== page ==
Some say volatility, rather than debt, is the best way to think about risk as an investor, but Warren Buffett famously said that 'Volatility is far from synonymous with risk.' So it seems the smart money knows that debt - which is usually involved in bankruptcies - is a very important factor, when you assess how risky a company is. As with many other companies Ceconomy AG (ETR:CEC) makes use of debt. But is this debt a concern to shareholders?
What Risk Does Debt Bring?
Debt is a tool to help businesses grow, but if a business is incapable of paying off its lenders, then it exists at their mercy. If things get really bad, the lenders can take control of the business. However, a more common (but still painful) scenario is that it has to raise new equity capital at a low price, thus permanently diluting shareholders. Having said that, the most common situation is where a company manages its debt reasonably well - and to its own advantage. When we think about a company's use of debt, we first look at cash and debt together.
How Much Debt Does Ceconomy Carry?
You can click the graphic below for the historical numbers, but it shows that Ceconomy had €343.0m of debt in March 2021, down from €1.53b, one year before. But it also has €998.0m in cash to offset that, meaning it has €655.0m net cash.
How Strong Is Ceconomy's Balance Sheet?
According to the last reported balance sheet, Ceconomy had liabilities of €7.10b due within 12 months, and liabilities of €2.16b due beyond 12 months. Offsetting this, it had €998.0m in cash and €1.61b in receivables that were due within 12 months. So its liabilities outweigh the sum of its cash and (near-term) receivables by €6.66b.
The deficiency here weighs heavily on the €1.42b company itself, as if a child were struggling under the weight of an enormous back-pack full of books, his sports gear, and a trumpet. So we'd watch its balance sheet closely, without a doubt. At the end of the day, Ceconomy would probably need a major re-capitalization if its creditors were to demand repayment. Ceconomy boasts net cash, so it's fair to say it does not have a heavy debt load, even if it does have very significant liabilities, in total.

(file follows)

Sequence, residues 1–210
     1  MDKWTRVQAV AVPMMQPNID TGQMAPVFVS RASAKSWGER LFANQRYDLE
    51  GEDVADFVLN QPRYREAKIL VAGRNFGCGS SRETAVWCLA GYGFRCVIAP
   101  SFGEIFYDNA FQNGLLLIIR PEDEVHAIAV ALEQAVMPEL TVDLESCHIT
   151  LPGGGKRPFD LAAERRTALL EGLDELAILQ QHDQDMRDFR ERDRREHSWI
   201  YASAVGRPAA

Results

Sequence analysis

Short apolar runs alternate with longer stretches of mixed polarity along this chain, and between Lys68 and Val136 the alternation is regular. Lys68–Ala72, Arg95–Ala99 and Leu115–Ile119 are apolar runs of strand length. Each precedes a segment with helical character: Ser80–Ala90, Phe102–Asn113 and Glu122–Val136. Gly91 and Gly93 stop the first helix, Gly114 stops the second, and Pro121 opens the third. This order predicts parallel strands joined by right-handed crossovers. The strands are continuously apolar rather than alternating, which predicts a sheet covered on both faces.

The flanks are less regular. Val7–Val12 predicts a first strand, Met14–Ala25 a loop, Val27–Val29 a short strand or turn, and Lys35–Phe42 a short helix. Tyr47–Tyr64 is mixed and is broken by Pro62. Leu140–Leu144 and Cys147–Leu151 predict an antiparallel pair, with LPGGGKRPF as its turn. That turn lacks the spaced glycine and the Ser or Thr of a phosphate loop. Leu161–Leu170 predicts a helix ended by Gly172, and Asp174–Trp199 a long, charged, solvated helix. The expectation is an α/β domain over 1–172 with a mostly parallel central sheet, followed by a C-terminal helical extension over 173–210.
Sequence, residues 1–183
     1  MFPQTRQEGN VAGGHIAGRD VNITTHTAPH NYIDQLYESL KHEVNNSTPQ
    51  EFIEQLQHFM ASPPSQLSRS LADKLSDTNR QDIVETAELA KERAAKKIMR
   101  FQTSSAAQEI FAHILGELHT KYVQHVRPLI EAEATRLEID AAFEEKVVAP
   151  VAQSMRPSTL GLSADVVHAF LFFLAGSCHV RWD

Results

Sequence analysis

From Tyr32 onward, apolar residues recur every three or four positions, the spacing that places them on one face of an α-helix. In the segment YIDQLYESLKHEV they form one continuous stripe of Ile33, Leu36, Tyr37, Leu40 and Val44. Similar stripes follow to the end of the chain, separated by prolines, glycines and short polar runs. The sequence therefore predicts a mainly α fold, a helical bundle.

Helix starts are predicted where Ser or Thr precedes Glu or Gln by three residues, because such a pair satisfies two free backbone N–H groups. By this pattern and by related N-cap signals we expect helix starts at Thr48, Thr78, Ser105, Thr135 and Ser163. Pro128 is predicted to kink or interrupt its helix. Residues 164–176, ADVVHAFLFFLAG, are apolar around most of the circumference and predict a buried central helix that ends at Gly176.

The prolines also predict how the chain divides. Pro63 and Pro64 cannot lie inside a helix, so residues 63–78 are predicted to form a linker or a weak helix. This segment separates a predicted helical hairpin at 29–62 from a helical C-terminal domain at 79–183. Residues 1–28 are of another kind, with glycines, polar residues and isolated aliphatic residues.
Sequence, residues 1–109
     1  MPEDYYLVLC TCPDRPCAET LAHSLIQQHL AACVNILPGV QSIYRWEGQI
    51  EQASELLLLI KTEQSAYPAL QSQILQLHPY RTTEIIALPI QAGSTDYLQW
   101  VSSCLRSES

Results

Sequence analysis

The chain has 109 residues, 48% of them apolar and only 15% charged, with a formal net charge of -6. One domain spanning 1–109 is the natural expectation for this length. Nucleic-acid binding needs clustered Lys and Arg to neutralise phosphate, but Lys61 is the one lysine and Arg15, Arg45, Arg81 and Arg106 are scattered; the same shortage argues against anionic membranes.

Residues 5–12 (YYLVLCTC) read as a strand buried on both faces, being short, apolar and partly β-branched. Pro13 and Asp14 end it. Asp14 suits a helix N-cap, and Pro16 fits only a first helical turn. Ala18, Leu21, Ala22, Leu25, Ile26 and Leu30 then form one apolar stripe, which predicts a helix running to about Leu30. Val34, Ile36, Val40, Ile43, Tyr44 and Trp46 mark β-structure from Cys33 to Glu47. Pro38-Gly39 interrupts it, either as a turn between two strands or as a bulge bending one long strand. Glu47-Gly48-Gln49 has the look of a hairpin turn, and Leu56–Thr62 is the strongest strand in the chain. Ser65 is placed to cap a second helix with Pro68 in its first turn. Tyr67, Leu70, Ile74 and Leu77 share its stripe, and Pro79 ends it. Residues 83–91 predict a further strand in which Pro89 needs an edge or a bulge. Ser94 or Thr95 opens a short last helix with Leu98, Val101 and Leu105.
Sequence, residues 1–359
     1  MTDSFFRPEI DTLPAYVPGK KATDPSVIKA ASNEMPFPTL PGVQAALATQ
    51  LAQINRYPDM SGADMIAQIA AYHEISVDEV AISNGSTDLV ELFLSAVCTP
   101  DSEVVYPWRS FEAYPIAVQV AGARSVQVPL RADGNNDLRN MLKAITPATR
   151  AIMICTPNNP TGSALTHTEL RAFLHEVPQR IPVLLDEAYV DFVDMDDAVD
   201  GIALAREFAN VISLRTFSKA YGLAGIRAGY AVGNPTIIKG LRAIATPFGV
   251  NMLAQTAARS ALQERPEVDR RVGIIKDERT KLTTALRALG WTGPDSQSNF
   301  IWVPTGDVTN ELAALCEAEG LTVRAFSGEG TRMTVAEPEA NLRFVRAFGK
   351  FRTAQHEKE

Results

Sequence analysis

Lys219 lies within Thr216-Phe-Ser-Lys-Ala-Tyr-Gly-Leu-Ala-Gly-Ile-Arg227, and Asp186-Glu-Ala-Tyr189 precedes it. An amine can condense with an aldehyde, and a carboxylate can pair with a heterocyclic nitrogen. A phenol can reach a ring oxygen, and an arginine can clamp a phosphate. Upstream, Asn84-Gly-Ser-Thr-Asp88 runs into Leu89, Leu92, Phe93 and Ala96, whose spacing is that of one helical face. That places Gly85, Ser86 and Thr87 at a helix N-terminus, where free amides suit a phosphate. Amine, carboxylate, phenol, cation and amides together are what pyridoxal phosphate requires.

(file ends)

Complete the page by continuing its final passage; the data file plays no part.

Also positive, Ceconomy grew its EBIT by 21% in the last year, and that should make it easier to pay down debt, going forward. When analysing debt levels, the balance sheet is the obvious place to start. But ultimately the future profitability of the business will decide if Ceconomy can strengthen its balance sheet over time. So if you're focused on the future you can check out this free report showing analyst profit forecasts.
Finally, a business needs free cash flow to pay off debt; accounting profits just don't cut it. While Ceconomy has net cash on its balance sheet, it's still worth taking a look at its ability to convert earnings before interest and tax (EBIT) to free cash flow, to help us understand how quickly it is building (or eroding) that cash balance. Happily for any shareholders, Ceconomy actually produced more free cash flow than EBIT over the last three years. There's nothing better than incoming cash when it comes to staying in your lenders' good graces.
While Ceconomy does have more liabilities than liquid assets, it also has net cash of €655.0m. And it impressed us with free cash flow of €314m, being 141% of its EBIT. So we don't have any problem with Ceconomy's use of debt. There's no doubt that we learn most about debt from the balance sheet. However, not all investment risk resides within the balance sheet - far from it. For example, we've discovered 2 warning signs for Ceconomy that you should be aware of before investing here.
If you're interested in investing in businesses that can grow profits without the burden of debt, then check out this free list of growing businesses that have net cash on the balance sheet.
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